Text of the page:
Systemic disease and adverse drug reactions address strategic challenges to the elaboration of a conventional periodontal treatment plan, leading to the use of complementary therapies in order to compensate for the intrinsic alterations related to periodontal repair process. Because of these limitations, adjuvant methods that provide for the elimination of periodontal pathogens have called the attention of many researchers, who consider antibiotic and antiseptic use as effective in the periodontal treatment15. On the other hand, there are also uncountable studies demonstrating the selection and resistance of bacteria provided by the overuse of antimicrobial drugs in the periodontal therapeutics25,28.
Recently, some in vitro7,17,30 and in vivo2,4 studies have shown satisfactory results with the use of photodynamic therapy (PDT). However, the introduction of PDT as an adjuvant periodontal treatment in immunosuppression conditions has not yet been reported in the literature.
This therapy consists in the association of a photosensitizer with an intense light source, both aiming to promote cellular death. The photodynamic activity of photosensitizers is based on photo-oxidative reactions that provide biochemical and morphological alterations in target cells. When the photosensitizer drug molecule absorbs light from a resonant energy, it is turned into a single exciting state. Depending on its molecular structure and environment, the molecule may then lose its energy by electronic or physical process, thus returning to the ground state, or it may undergo a transition to the triplet exciting state (unpaired electron spins). At this stage, the molecule may once more undergo electronic decay back to the ground state, it may either undergo redox reaction with its environment, or its excitatory energy may be transferred to molecular oxygen (also a molecular triplet-state) leading to the formation of the labile singlet oxygen (type-II reaction). This type of oxygen reactive species (ROS) is responsible for irreversible damage on bacterial cytoplasm membrane, including protein modifcation, respiratory chain breakdown and nucleic acid alterations27.
The major advantages of PDT are being a specifc therapy for target cells, presenting no side effects, initiating its activity only when exposed to light, and supporting no resistant bacteria species selection10, which is found to be rather common with the indiscriminate use of antibiotics25.
In this context, PDT may be an alternative adjuvant method for nonsurgical periodontal treatment under immunosuppressant conditions. Considering that prolonged use of corticoids is associated with the reduction of number and activity of the osteoblasts, and the increase of osteoclastic function18, the aim of the present study was to compare the effcacy of PD plus conventional mechanical therapy to scaling and root planing alone on alveolar bone loss in furcation areas of experimental periodontitis induced in rats either inhibited or not by dexamethasone.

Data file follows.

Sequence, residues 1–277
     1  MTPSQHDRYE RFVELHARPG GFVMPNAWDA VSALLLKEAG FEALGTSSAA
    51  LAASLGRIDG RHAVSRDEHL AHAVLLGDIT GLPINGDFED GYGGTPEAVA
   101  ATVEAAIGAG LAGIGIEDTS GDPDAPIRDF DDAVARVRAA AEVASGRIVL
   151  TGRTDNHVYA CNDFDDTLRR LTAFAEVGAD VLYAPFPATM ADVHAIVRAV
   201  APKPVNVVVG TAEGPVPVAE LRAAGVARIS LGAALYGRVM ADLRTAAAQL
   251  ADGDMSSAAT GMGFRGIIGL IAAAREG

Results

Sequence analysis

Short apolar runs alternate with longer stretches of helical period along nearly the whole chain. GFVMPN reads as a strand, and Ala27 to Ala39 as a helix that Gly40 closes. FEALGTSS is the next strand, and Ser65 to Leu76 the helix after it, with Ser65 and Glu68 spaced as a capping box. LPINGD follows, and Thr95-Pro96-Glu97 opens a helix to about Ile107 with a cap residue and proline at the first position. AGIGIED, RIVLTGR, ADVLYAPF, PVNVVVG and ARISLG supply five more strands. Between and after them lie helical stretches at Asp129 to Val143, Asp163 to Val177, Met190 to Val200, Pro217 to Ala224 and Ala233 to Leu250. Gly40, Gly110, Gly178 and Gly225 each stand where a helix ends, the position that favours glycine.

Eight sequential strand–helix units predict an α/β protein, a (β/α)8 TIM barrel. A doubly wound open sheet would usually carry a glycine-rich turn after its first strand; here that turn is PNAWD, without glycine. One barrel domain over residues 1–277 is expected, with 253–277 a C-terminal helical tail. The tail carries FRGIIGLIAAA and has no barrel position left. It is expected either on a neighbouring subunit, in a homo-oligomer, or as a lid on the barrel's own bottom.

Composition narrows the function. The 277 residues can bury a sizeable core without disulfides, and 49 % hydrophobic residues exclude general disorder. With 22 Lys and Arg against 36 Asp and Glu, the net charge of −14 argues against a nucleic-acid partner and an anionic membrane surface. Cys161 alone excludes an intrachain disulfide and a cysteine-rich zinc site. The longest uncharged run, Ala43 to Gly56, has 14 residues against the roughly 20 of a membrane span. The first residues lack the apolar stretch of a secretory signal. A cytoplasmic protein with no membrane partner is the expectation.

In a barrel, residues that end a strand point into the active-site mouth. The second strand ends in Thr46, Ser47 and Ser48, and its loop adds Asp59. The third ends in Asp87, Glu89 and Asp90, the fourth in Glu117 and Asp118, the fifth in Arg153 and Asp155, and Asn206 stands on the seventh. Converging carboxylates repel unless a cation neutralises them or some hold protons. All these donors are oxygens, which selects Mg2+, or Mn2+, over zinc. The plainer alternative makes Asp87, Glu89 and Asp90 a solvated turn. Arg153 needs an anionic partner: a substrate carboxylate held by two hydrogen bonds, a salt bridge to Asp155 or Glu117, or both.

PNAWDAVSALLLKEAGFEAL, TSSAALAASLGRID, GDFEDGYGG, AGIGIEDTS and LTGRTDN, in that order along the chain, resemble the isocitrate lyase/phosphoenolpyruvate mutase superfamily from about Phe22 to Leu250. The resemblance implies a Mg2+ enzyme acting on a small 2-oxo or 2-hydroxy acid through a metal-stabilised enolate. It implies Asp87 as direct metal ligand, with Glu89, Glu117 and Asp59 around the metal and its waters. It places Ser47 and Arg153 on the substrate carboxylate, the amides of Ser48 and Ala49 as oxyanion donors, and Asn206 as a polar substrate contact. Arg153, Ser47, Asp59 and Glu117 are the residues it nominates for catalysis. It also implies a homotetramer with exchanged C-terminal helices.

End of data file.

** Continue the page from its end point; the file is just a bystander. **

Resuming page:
MATERIALS AND METHODS
This study was conducted on 120 adult male Wistar rats (120 to 140 g). The animals were kept in plastic cages with access to food and water ad libitum. Prior to the surgical procedures, all animals were allowed to acclimatize to the laboratory environment for a period of 5 days. All protocols described below were approved by the Institutional Review Board of Araçatuba Dental School, São Paulo State University, Araçatuba, SP, Brazil (Protocol no. 22/06).
Drug administration protocol
Animals were then divided into 2 groups: D group (n=60), which received injections of 2 mg/kg body weight15 of dexamethasone (DECADRON® 2 mg, Prodome, Aché Pharmaceutical Laboratories SA, Campinas, SP, Brazil); and ND group (n=60), which received injections of 2 mg/kg body weight14 of saline. The subcutaneous injections were initiated 24 h before the experimental induction of periodontal disease and maintained every 3 days6, during all the study period.
Experimental periodontal disease protocol
General anesthesia was obtained by association of ketamine (0.4 mL/kg) and xylazine (0.2 mL/kg) via intramuscular injection. One mandibular left first molar of each animal in the ND and D groups was selected to receive a submarginal cotton ligature in order to induce experimental periodontitis12,19. After 7 days of periodontal disease induction, the ligature was removed from all animals of both groups. The left molars were then submitted to scaling and root planning (SRP) with Mini Five 13-14 curettes (Hu-Friedy Co. Inc., Chicago, IL, USA) through 10 distal-mesial traction movements in both buccal and lingual aspects of the teeth. The furcation and interproximal areas were scaled with the same curettes through cervical-occlusal traction movements. Scaling and root planing was performed by the same experienced operator. The animals of each group (ND and D) were randomly assigned to one of the two treatments proposed (30 animals/treatment): SRP: the mandibular left molars were submitted to SRP and irrigation with 1 mL of saline; and PDT: the mandibular left molars were submitted to SRP and irrigation with 1 mL of phenothiazinium dye (TBO -Toluidine Blue-O; Sigma Chemical Co., St. Louis, MO, USA) (100 µg/mL) solution, followed by application of a low-level laser (LLL) source. Saline and TBO were slowly poured into the periodontal pocket with a syringe (1 mL) and an insulin needle (13 mm x 0.45 mm) (Becton Dickinson Ind. Ltd, Curitiba, PR, Brazil) without bevel.